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Massachusetts District Court Rules for Probation Violation Proceedings Rule 7: Finding and Disposition

[Disclaimer]

(a) Requirement of Finding. Upon the completion of the presentation of evidence and closing arguments on the issue of whether the probationer has violated one or more conditions of a probation order, as alleged, the court shall make a determination of that issue. The court shall decide the matter promptly and shall not continue the proceeding generally.

(b) Finding of No Violation. If the court determines that the probation officer has failed to prove by a preponderance of the evidence that the probationer committed a violation alleged in the Notice of Probation Violation and Hearing, the court shall expressly so find and said finding shall be entered on the record.

(c) Finding of Violation; Written Findings of Fact. If the court determines that the probation officer has proved by a preponderance of the evidence that the probationer has violated one or more conditions of probation as alleged in the Notice of Probation Violation and Hearing, or if the probationer admits or stipulates to such violation, the court shall expressly so find, and said finding shall be entered on the record. The court shall make written findings of fact to support the finding of a violation, stating the evidence relied upon.

(d) Disposition After Finding of Violation. After the court has entered a finding that a violation of probation has occurred, the court may order any of the following dispositions set forth below, as it deems appropriate. These dispositional alternatives shall be the exclusive options available to the court. In determining its disposition, the court shall give appropriate weight to the recommendation of the Probation Department and such factors as public safety; the seriousness of any crime of which the probationer was convicted; the nature of the probation violation; the occurrence of any previous violations and the impact on any victim of the underlying crime, as well as any mitigating factors.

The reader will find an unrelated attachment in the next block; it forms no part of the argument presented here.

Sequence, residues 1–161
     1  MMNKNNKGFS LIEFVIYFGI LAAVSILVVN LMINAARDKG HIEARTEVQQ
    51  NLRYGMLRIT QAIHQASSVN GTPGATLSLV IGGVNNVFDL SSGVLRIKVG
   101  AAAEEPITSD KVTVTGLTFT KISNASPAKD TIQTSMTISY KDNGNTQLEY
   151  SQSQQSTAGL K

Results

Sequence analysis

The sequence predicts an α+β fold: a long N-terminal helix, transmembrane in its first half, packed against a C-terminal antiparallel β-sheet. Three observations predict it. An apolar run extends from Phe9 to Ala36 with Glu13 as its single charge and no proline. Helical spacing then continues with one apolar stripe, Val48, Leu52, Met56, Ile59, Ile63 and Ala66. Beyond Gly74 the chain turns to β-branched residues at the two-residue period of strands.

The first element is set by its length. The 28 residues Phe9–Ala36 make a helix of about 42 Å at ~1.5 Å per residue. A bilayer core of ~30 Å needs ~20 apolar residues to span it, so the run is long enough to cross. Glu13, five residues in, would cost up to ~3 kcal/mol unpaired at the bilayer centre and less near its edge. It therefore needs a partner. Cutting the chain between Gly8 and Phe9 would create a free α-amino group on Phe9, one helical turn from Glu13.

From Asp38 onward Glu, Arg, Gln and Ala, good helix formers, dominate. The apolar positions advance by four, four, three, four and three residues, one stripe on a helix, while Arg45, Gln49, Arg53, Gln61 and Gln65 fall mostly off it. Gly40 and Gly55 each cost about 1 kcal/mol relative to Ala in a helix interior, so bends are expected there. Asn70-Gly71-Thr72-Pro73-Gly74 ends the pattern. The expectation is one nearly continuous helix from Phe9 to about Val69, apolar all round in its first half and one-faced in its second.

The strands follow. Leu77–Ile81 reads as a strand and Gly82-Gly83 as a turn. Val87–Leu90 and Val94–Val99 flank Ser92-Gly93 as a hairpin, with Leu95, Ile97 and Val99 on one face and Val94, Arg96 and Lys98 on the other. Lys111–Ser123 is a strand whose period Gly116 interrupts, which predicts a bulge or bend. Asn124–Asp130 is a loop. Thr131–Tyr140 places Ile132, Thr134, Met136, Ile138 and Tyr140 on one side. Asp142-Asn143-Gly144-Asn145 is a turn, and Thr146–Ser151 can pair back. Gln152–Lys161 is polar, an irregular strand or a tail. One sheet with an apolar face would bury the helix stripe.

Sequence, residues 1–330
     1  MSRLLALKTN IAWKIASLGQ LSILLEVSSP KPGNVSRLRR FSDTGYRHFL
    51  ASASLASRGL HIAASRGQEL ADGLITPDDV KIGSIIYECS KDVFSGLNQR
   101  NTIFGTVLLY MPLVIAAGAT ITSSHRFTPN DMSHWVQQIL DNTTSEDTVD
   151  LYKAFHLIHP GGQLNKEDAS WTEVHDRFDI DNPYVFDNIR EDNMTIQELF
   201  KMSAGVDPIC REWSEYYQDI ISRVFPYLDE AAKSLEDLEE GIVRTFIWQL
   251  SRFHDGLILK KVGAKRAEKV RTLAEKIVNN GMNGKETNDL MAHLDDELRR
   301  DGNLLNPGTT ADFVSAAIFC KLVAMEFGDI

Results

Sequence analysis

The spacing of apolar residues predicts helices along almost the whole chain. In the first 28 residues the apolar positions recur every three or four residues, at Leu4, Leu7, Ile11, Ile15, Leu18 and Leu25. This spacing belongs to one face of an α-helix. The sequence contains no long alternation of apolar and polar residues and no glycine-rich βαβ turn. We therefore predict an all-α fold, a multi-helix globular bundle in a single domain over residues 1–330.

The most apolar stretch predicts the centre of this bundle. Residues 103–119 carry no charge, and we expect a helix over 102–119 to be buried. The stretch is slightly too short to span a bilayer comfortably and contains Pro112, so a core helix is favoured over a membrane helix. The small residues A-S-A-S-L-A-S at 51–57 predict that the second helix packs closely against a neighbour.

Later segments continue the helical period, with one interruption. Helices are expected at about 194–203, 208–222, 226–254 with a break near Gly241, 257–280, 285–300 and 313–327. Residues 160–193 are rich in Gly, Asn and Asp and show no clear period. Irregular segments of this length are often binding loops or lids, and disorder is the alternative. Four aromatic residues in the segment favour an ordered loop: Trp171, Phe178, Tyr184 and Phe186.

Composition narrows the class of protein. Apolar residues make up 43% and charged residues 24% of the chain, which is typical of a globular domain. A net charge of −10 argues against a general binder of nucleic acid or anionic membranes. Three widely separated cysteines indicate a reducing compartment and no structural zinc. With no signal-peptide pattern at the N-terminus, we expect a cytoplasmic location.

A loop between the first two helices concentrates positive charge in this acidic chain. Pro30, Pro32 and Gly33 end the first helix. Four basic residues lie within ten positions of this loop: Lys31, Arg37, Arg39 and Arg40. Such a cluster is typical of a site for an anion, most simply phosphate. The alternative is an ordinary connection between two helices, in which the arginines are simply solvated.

(i) Continuance of Probation. The court may decline to modify or revoke probation and, instead, issue to the probationer such admonition or instruction as it may deem appropriate.

(ii) Termination. The court may order that the probation be considered completed and terminate the probation order.

(iii) Modification. The court may modify the conditions of probation. Such modification may include the addition of reasonable conditions and the extension of the duration of the probation order.

(iv) Revocation; Statement of Reasons. The court may order that the order of probation be revoked. If the court orders revocation, it shall state the reasons therefor in writing.

(e) Execution of Suspended Sentence; Stay of Execution. Upon revocation of a probation order, any sentence that was imposed for the crime involved, the execution of which was suspended, shall be ordered executed forthwith; provided, however, that such execution may be stayed (1) pending appeal in accordance with Mass. R. Crim. P. 31, or (2) at the court's discretion, and upon the probationer's motion, to provide a brief period of time for the probationer to attend to personal matters prior to commencement of a sentence of incarceration. The execution of such sentence shall not be otherwise stayed.

(f) Imposition of Sentence Where No Sentence Previously Imposed. Upon revocation of probation in a case where no sentence was imposed following conviction, the court shall impose a sentence as provided by law.

Added December 2, 1999, effective January 3, 2000.

Commentary

Requirement of a Finding.